Persistent Pupillary Membranes (PPM) - These are the tissue strands in the eyes and the fragments of the fetal membrane that helped in nourishing the eye lenses before birth. Usually, they disappear by the time the puppies are 4 to 5 weeks old but sometimes they linger as the puppy grows.
In case these fragments do not break, they could lead to cataracts and corneal opacities.
Hypothyroidism - It is a condition in which the level of the thyroid is extremely low and could cause infertility in dogs. However, the condition could be managed with medication that your dog must take throughout its lifetime.
Besides, thyroid treatment is also available, and dogs getting the treatment usually have a full and healthy life.
Allergies - It is quite common among dogs and could be treated by eliminating the foods that may cause those allergies. There are several kinds of allergies including contact and airborne allergies.
These could be treated through timely and proper medication.
Drug Sensitivity - This disorder is quite common in herding dogs, including Collies and Australian Shepherds. It is caused due to the mutation of the Multidrug Resistance Gene (MDR1). The gene produces the P-glycoprotein, which is responsible for removing the toxins from the body.
Symptoms of this sensitivity include coma, hypersalivation, depression, tremors, and even death. There is no treatment but it could be diagnosed through genetic testing and screening.
Cancer - Dogs could also get several kinds of cancers. The treatment differs for different cases and they could be treated through chemotherapy, medication, and surgery.
Nasal Solar Dermatitis - It is also known as Collie-nose but the condition is not limited to Collies only. Dogs who do not have pigment in their nose and are sensitive to sunlight often develop lesions around their nose and eyelids.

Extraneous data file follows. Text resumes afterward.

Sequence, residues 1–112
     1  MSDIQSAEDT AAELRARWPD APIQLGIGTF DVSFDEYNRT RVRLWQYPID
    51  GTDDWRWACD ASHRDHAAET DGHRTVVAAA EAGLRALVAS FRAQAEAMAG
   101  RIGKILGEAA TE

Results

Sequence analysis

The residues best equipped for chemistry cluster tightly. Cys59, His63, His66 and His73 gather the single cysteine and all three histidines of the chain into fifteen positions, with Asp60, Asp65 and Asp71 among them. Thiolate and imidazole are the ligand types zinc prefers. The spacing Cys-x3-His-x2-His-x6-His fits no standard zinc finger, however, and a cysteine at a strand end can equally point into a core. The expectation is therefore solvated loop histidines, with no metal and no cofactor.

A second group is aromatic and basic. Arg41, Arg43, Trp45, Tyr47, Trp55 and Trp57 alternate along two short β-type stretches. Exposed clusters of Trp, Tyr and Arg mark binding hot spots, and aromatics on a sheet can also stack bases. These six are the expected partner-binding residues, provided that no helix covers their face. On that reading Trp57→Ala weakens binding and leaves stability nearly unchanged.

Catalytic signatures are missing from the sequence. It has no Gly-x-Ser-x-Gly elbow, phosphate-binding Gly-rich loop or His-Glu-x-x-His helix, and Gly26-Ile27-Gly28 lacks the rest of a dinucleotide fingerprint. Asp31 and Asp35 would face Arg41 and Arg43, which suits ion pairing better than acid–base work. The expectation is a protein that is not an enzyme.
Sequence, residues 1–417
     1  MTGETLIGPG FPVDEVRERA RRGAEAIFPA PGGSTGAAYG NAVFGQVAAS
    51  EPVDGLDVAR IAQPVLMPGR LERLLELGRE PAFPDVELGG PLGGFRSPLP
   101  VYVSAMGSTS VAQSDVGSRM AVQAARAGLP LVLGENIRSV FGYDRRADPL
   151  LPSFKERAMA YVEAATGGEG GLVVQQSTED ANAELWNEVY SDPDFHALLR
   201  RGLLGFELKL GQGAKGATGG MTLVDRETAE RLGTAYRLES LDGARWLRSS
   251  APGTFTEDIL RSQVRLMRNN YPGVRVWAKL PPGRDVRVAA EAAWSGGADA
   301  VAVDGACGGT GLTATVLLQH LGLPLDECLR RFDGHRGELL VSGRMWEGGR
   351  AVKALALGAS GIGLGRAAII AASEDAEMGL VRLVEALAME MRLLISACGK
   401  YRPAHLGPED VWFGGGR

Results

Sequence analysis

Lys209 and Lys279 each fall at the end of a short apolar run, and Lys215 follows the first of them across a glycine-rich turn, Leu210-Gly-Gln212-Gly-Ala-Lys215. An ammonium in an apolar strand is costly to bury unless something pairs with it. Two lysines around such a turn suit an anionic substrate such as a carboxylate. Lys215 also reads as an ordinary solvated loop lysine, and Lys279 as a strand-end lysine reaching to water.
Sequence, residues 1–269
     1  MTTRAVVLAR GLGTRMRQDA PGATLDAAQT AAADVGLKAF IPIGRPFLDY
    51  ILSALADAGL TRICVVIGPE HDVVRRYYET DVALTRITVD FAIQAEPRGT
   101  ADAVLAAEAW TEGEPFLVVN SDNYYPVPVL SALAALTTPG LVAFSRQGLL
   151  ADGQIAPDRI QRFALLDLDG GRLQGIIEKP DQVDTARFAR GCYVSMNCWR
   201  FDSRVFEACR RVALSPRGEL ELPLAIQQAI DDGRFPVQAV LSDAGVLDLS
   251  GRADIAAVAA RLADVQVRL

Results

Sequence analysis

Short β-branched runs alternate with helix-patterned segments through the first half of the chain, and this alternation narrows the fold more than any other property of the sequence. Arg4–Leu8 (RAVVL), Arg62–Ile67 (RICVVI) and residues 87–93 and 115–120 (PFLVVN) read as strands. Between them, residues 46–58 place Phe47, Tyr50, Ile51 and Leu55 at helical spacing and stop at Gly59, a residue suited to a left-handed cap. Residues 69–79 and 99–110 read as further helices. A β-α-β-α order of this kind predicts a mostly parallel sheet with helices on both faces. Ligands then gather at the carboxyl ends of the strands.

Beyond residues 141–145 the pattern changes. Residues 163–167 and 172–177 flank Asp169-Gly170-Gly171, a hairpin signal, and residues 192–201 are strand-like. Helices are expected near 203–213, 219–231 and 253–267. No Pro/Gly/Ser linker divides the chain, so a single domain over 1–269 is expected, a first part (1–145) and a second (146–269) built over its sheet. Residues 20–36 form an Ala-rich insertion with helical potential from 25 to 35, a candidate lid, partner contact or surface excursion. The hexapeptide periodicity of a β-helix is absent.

To treat it, use doggie sunscreen before going into the sunlight and tattoo the dog’s nose black to build a shield between the sun and the dog.
Detached Retina - It could happen due to an accident and the retina could detach from the tissues. This could lead to visual impairment or blindness. The condition could not be treated or cured but dogs having the condition lives a full and otherwise healthy life.
Other than these, there could be a number of other health conditions that could affect and interfere with the normal and happy living of your dog.
The best way of avoiding it is to follow the veterinarian’s instructions and stay updated with the vaccinations.
‘How to take care of an Australian Shepherd dog properly?’
Though these dogs are rough and built to withstand the harsh climates, they do need proper care, grooming, and feeding.
If you are having a yard then make sure that it is properly and securely fenced. These dogs are natural herders and due to this instinct, sometimes they may have a strong desire to herd something.
Therefore, to keep them inside and secure, it is better to have a fenced yard and on-leash walks. Use good quality and comfortable leash like a martingale collar to train your dog.
‘How much exercise does my Aussie need?’ About a half-hour to an hour. These dogs are very high in energy and they need daily exercise to release all this energy. Some helpful and great options for both of you include a Frisbee game, a running session, and agility exercises.
When not playing outdoors, get some good quality dog toys to provide mental stimulation.
Puppies and adult dogs have different exercise needs and you should not allow the still developing puppies to run on hard surfaces. This could result in future joint and bone problems.
These dogs are quite intelligent and independent, due to which harsh training will not work in your favor. Use positive reinforcement and give ample encouragement with treats and praises.
These dogs have water-resistant coats that keep them happy and comfortable in every weather and climate. Aussies living in colder areas have thicker undercoats than the ones living in warm areas.